Texas emergency response in the modern era has been defined by Hurricanes Katrina and Rita in 2005, Hurricane Ike in 2008, and the Bastrop Wildfire Complex in 2011. The Texas A&M College of Veterinary Medicine & Biomedical Sciences (CVM) has a history of lending a helping hand in times of emergency. During Hurricane Rita, the Large Animal Hospital was converted to a surge hospital for special needs patients. The faculty, staff, and students provided a safe haven from the storm for more than 350 evacuees. In addition, faculty, staff, and students participated in organizing and running a companion animal emergency shelter in Brazos County, providing shelter for more than 700 animals evacuated from the coastal regions of Texas.
During the post-Katrina era, CVM faculty became actively involved in developing emergency response plans at the county level. The first test of these new plans occurred in 2008 when Hurricane Ike came ashore in Galveston, and 200 large animals were evacuated from the coast and housed in the Brazos County Emergency Shelter.
Hurricane Ike demonstrated that increased veterinary capacity was needed in the emergency response structure. The Texas Animal Health Commission, the lead agency in emergency response on behalf of animals at the state level, requested that the CVM provide this additional capacity. Faculty and staff at the CVM developed plans to provide an emergency response team and the Texas A&M Veterinary Emergency Team (VET) was formed.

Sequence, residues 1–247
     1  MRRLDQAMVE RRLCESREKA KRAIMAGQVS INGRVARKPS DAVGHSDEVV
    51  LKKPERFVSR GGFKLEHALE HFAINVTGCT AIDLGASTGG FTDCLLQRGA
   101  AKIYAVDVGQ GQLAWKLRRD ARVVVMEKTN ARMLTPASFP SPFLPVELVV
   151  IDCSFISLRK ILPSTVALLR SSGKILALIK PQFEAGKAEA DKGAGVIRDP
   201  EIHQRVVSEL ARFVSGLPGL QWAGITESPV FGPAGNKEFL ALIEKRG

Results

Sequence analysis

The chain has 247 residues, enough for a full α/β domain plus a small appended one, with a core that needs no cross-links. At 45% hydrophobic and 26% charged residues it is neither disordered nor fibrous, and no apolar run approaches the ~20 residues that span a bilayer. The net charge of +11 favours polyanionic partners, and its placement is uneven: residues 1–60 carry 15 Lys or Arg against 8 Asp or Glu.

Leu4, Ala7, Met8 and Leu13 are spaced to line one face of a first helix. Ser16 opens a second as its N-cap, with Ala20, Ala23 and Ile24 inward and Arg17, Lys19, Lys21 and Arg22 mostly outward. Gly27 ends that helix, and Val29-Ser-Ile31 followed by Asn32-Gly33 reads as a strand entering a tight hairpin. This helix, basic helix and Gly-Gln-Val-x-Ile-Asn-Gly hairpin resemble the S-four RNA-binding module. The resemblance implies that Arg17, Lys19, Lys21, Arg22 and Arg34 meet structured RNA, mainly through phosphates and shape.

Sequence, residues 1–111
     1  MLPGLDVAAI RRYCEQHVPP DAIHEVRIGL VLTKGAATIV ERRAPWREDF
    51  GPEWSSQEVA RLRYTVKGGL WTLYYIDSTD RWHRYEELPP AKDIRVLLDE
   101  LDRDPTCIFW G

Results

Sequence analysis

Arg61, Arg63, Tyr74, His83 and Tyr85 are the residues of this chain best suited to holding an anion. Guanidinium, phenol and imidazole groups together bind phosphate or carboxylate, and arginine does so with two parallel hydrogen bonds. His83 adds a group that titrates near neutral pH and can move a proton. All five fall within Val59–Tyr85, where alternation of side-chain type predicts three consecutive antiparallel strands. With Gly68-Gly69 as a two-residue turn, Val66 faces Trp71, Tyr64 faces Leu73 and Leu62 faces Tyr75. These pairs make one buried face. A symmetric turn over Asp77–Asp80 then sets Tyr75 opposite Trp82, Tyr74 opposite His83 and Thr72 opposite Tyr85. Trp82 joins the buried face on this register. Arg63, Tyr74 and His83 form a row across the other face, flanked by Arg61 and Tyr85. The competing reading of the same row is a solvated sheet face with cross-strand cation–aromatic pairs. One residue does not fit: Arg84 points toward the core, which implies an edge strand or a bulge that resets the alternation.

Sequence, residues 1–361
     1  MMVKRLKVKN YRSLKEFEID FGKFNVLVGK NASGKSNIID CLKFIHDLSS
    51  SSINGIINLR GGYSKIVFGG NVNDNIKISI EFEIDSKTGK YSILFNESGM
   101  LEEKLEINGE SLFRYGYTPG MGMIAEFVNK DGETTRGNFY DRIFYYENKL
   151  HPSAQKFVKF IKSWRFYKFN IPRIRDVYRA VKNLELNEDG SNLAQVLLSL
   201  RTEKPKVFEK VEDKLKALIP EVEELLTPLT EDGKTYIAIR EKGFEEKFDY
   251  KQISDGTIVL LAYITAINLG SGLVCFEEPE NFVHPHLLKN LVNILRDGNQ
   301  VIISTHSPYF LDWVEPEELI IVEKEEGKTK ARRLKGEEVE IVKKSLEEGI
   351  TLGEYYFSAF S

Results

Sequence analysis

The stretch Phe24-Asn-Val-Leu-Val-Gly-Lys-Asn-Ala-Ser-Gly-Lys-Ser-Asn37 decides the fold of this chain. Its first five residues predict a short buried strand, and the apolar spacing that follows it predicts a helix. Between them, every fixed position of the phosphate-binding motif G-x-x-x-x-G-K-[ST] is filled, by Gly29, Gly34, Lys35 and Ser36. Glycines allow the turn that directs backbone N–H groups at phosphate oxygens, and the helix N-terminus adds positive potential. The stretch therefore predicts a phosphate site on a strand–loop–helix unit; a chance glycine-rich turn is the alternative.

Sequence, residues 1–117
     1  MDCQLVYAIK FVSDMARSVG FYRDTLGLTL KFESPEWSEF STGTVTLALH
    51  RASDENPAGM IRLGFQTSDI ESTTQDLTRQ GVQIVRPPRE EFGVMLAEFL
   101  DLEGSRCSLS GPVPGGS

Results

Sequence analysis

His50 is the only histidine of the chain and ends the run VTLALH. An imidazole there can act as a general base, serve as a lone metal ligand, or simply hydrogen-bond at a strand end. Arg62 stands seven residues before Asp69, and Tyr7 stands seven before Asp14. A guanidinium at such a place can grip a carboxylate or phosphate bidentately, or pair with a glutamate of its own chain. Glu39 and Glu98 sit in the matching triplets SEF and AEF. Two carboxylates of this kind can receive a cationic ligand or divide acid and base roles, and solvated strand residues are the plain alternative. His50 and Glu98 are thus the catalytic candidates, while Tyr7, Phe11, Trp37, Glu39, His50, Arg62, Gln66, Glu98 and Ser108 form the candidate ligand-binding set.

The mission of the VET is to provide veterinary medical support for animals in disaster situations. This includes the canine search and rescue teams attached to Texas Task Force One. The team also educates and trains veterinary students by offering elective courses in emergency response and management within the first three years of the veterinary curriculum.
The 2011 Bastrop Wildfire Complex was the first major deployment for the VET. The team was deployed with Texas Task Force One and through the care of the VET, the search and rescue dogs were able to work six consecutive days and complete their assigned mission in a state of exceptional physical health. In addition, the VET triaged more than 150 animals injured during the wildfire, making the inaugural deployment an overwhelming success.
The success of the first deployment was not without important lessons learned. The VET is equipped with a mobile and self-sufficient veterinary triage trailer. However, the VET must be more mobile and able to change locations at a much more rapid pace. The VET also needs to advance its educational efforts by building a facility for training and adding to its faculty and staff.
Contributing to the VET makes you a valuable part of the team working to provide the best in emergency response to animals in the state of Texas.